TSMC Expands Arizona Chip Plans Under $6.6bn US Deal

The US government has announced a $6.6 billion (£5.2bn) grant to Taiwan Semiconductor Manufacturing  Co. (TSMC) as the contract chip-making giant expands its plans to include a third manufacturing plant in Phoenix, Arizona.

The plant is intended to manufacture 2 nanometre chips, currently “the world’s most advanced semiconductors”, by the end of the decade – although it is unclear whether those chips would remain on the cutting edge by that time.

TSMC is expected to begin bringing 2nm technology into mass production next year.

The US is making an additional $5bn loan available to TSMC as part of the deal, which sees the company’s total investment in its Arizona facilities rising to $65bn from a previous $40bn.

TSMC’s Arizona site in December 2022. Image credit: TSMC

Arizona complex

TSMC began constructing its complex outside of Phoenix in 2021 with plans for two plants, with the first now expected to begin production in the first half of next year.

The second plant, now expected to use 2nm technology, is planned to begin production in 2027 or 2028, TSMC’s chairman said in January.

TSMC had originally planned to begin production in Arizona this year, but the schedule has been pushed back by shortages of skilled labour.

The latest award includes $50m for workforce development, the US Department of Commerce said.

Image credit: TSMC

Geopolitical tensions

The project is expected to involve more than 20,000 construction jobs and to create 6,000 permanent jobs and has brought in more than a dozen suppliers to TSMC, the department said.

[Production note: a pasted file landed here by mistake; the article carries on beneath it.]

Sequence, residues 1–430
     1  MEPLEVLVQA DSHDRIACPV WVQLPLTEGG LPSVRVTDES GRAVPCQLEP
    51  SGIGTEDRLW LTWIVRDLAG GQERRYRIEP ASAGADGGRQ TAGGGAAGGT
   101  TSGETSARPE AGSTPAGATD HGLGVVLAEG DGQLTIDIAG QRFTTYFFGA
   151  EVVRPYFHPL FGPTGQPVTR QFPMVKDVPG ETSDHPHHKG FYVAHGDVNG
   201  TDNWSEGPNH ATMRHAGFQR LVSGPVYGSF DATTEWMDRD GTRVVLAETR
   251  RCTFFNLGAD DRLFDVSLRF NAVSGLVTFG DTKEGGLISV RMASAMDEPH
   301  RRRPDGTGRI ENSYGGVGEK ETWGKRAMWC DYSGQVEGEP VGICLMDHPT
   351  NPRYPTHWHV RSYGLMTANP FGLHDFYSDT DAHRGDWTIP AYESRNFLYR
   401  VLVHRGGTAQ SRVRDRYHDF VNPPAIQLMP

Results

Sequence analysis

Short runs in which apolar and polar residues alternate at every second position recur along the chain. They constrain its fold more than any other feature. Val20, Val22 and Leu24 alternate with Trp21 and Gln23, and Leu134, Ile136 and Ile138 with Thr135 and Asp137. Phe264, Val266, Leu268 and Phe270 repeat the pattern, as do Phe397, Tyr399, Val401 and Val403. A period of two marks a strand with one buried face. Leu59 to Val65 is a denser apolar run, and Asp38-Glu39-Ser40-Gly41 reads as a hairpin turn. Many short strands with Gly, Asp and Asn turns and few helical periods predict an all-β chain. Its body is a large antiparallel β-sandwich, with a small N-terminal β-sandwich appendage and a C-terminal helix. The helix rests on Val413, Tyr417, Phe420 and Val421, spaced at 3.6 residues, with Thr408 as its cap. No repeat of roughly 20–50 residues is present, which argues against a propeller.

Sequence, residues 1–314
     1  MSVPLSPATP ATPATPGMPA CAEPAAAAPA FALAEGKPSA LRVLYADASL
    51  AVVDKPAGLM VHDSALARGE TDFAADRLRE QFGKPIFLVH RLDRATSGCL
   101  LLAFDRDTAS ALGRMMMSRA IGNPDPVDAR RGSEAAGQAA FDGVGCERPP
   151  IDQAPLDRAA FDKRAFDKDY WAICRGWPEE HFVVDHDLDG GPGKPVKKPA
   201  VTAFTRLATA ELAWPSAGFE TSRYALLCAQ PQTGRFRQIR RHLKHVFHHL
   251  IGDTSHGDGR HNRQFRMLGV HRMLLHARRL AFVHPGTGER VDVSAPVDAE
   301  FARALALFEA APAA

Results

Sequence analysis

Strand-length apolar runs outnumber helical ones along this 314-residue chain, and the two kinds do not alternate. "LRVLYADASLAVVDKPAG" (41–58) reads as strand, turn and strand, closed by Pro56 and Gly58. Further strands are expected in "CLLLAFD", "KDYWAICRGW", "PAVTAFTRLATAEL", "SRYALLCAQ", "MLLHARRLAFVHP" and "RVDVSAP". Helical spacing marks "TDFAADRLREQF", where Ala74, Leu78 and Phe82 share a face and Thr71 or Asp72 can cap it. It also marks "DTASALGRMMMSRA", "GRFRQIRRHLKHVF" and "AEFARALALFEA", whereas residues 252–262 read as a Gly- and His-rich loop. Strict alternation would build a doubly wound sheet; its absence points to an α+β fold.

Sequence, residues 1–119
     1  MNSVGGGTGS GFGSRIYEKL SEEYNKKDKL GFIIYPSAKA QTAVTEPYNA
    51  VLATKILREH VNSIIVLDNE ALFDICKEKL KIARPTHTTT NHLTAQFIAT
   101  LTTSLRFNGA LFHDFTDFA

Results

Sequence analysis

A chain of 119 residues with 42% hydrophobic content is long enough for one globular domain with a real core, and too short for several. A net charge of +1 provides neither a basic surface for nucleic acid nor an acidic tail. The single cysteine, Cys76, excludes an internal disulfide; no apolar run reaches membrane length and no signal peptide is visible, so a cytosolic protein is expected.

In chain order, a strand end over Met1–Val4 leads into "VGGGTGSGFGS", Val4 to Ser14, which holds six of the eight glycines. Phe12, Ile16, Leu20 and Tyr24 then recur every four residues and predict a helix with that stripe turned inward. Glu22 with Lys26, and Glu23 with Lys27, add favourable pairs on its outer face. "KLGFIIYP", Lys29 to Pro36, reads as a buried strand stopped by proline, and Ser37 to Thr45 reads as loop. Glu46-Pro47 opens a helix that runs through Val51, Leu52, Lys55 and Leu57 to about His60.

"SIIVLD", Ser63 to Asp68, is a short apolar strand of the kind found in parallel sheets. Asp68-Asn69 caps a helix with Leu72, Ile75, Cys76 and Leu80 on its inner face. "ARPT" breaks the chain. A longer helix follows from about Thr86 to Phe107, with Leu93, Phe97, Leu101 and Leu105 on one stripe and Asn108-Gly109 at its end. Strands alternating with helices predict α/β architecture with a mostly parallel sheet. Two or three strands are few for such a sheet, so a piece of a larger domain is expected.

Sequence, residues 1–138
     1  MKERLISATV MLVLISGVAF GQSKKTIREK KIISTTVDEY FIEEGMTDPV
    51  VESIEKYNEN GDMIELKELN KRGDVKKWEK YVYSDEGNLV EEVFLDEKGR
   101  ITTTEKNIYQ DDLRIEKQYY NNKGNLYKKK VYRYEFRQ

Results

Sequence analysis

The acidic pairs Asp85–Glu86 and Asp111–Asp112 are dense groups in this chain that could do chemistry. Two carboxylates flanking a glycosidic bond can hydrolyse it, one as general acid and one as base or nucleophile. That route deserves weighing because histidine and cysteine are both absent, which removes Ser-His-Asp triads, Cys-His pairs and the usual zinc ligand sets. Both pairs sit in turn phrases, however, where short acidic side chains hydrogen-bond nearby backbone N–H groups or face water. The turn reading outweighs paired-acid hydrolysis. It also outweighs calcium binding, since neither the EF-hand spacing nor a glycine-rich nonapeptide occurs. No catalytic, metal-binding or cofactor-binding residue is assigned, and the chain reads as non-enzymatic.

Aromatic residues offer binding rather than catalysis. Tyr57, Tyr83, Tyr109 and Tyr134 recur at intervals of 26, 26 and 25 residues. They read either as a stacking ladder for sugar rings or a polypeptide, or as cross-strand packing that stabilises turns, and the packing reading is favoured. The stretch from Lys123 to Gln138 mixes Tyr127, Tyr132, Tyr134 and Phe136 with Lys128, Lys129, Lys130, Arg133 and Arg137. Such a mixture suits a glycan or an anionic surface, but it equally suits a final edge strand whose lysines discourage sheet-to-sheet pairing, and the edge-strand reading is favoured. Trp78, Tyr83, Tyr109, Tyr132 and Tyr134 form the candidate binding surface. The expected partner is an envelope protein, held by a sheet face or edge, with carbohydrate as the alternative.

The award is the third major grant under the US Chips and Science Act, signed into law in 2022, that seeks to bring more chip manufacturing within the borders of the US.

GlobalFoundries and Intel have received large grants and Samsung is expected to receive billions in subsidies for chip investment plans in Texas.

The country currently makes less than 10 percent of the world’s semiconductors and none of the most advanced chips.

‘Renewed commitment’

The Commerce Department said the US is on track to produce 20 percent of the world’s cutting-edge chips by 2030.

“TSMC’s renewed commitment to the United States, and its investment in Arizona represent a broader story for semiconductor manufacturing that’s made in America and with the strong support of America’s leading technology firms to build the products we rely on every day,” US president Joe Biden said in a statement.

Matthew Broersma

Matt Broersma is a long standing tech freelance, who has worked for Ziff-Davis, ZDnet and other leading publications

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